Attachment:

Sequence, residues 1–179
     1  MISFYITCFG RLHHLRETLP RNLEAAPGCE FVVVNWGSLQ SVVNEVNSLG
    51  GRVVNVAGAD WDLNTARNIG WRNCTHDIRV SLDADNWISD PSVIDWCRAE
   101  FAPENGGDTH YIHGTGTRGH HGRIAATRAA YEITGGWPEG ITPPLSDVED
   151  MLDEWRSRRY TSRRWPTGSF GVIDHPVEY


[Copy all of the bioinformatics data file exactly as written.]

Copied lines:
Sequence, residues 1–179
     1  MISFYITCFG RLHHLRETLP RNLEAAPGCE FVVVNWGSLQ SVVNEVNSLG
    51  GRVVNVAGAD WDLNTARNIG WRNCTHDIRV SLDADNWISD PSVIDWCRAE
   101  FAPENGGDTH YIHGTGTRGH HGRIAATRAA YEITGGWPEG ITPPLSDVED
   151  MLDEWRSRRY TSRRWPTGSF GVIDHPVEY